’s A Midsummer Night’s Dream Essay, Research Paper
The themes presented by William Shakespeare in A Midsummer Night s Dream are tied together perfectly, thus exposing the real life problems of the relations between human beings. A main literary theme in this play is the complications and deceptions of true love. Shakespeare shows the reader, through his characters and plot, that love is relatively non-existent unless both lovers involved have mutual understanding. He displays how people only see what they want to see in their lover, ignoring the realistic and negative aspects. Through his characters, plot, and symbolic creations in the play, Shakespeare has created a clear yet complex theme.
In the first trace of events relating to the theme, two of the four lovers (Lysander and Hermia) are unable to arrange their marriage, because of the Athenian law which denies them of approval without their fathers consent. The problems encountered here signify the notion that true love is full of obstacles and complications. Thus, Lysander speaks to Hermia : The course of true love never did run smooth (I, 1, 136.)
The theme is further developed to portray that love has blindness, and that individuals only see what they wish to see in whom they love. This is evident when Helena pursues Demetrius, because she is in love with him. Demetrius, however, does not love her, because he loves Hermia. Helena says: Love looks not with the eyes but with the mind (I, 1, 240.)
This statement encloses the idea that love is blind, and people in love are ignorant of the negative aspects in their relationships.
The theme expands greatly when Helena s statement in Act 1 is symbolically displayed. The fairy king, Oberon, and his henchman, Robin, enchant the lovers. As a result of their enchantment, Demetrius and Lysander fall in love with Helena, whom they both did not love initially. This relates to the idea of love being a one-sense emotion. Despite the fact that they previously disliked her, Demetrius and Lysander choose to love Helena regardless of their hostility towards here earlier in the play.
DEMETRIUS : O Helen, goddess, nymph, perfect, divine!
To what, my love, shall I compare thine eyne?
Crystal is muddy. O, how ripe in show
Thy lips, those kissing cherries, tempting grow! (III, 2, 140-143)
Another theme pointed out by Shakespeare is that men and women are generally uncertain and easily influenced in making decisions regarding their life and relationships. Robin comments on the foolishness and vulnerability of the mortals: Lord, what fools these mortals be. (III, 2, 117)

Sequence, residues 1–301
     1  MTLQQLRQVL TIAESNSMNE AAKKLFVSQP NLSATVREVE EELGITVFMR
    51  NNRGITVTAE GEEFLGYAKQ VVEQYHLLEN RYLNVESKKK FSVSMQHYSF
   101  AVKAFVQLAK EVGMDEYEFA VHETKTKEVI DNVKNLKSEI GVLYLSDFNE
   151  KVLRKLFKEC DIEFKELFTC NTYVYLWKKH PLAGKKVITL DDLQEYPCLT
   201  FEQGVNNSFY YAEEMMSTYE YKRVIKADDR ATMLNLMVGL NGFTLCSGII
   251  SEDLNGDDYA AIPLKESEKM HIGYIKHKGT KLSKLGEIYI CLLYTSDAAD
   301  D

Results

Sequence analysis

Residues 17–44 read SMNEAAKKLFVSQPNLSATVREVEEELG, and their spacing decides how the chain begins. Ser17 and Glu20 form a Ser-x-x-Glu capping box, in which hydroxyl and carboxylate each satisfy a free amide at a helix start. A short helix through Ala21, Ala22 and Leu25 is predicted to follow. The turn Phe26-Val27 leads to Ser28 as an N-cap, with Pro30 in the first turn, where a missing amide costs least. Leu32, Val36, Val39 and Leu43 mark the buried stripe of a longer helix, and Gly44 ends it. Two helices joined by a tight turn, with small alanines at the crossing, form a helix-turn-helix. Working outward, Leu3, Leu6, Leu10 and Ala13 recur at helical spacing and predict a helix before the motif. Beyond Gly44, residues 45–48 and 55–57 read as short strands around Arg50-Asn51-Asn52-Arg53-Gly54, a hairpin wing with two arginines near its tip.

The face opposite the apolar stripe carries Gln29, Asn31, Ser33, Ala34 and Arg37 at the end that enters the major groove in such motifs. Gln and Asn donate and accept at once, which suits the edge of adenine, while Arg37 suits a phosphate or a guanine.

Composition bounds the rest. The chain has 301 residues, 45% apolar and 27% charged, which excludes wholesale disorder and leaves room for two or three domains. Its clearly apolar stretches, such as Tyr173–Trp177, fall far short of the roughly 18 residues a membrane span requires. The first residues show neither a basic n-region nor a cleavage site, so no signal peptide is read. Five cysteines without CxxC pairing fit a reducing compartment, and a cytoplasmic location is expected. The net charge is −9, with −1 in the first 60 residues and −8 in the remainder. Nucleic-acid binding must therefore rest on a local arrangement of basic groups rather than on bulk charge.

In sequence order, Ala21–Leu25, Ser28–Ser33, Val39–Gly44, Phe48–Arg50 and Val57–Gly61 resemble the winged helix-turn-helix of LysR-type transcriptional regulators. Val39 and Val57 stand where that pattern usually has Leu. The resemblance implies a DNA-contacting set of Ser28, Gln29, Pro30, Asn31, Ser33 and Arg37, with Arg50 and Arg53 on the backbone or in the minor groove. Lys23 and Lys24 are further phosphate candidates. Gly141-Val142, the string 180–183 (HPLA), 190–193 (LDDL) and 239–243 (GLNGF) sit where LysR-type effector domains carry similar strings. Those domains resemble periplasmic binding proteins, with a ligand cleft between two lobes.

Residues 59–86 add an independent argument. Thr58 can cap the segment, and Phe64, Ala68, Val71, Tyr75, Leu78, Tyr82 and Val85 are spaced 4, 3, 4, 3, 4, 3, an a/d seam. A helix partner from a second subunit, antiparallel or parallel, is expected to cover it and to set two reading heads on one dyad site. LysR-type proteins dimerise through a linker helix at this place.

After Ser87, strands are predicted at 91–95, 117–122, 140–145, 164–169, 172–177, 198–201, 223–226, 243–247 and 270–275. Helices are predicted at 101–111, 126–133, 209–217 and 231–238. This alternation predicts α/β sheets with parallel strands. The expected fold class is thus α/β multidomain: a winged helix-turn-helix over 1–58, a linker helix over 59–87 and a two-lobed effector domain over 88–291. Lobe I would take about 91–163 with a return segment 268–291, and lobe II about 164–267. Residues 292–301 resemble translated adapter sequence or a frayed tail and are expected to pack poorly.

Through magic, Robin is easily able to fool and at times manipulate human beings. Their weakness to Robin symbolizes their uncertainty about themselves, especially when they are in love.
In an attempt to fix a conflict between the four lovers, Oberon orders Robin to use magic and resolve the misunderstandings which Robin created; Oberon also ordered Robin to carry out his original intent to make Demetrius fall in love with Helena. Oberon speaks to Robin about the four lovers: When they next wake, all this derision
Shall seem a dream and fruitless vision (III, 2, 392)
This statement made by Oberon suggests that love itself is at times empty and easily changed or redirected.
To conclude the development of the theme, all of the lovers get married to the right person. Helena marries Demetrius, who she pursued and loved in the beginning of the play, before any enchantment took place. Lysander marries Hermia, who both loved each other before any enchantment. By making the plot end decorously, Shakespeare shows that love ends happily if the ones in love are sincere, and genuinely in love. Although it did not run smooth , eventually true mutual love was achieved. Theseus notices the merriment in the lovers. Here come the lovers, full of joy and mirth. (V, 1, 29)
William Shakespeare s intricate plot and characters provoke the reader s interest in understanding the theme. His effective style in A Midsummer Night s Dream displays the theme in a number of different aspects. It is not only evident in the course of events, but also in a symbolical manner.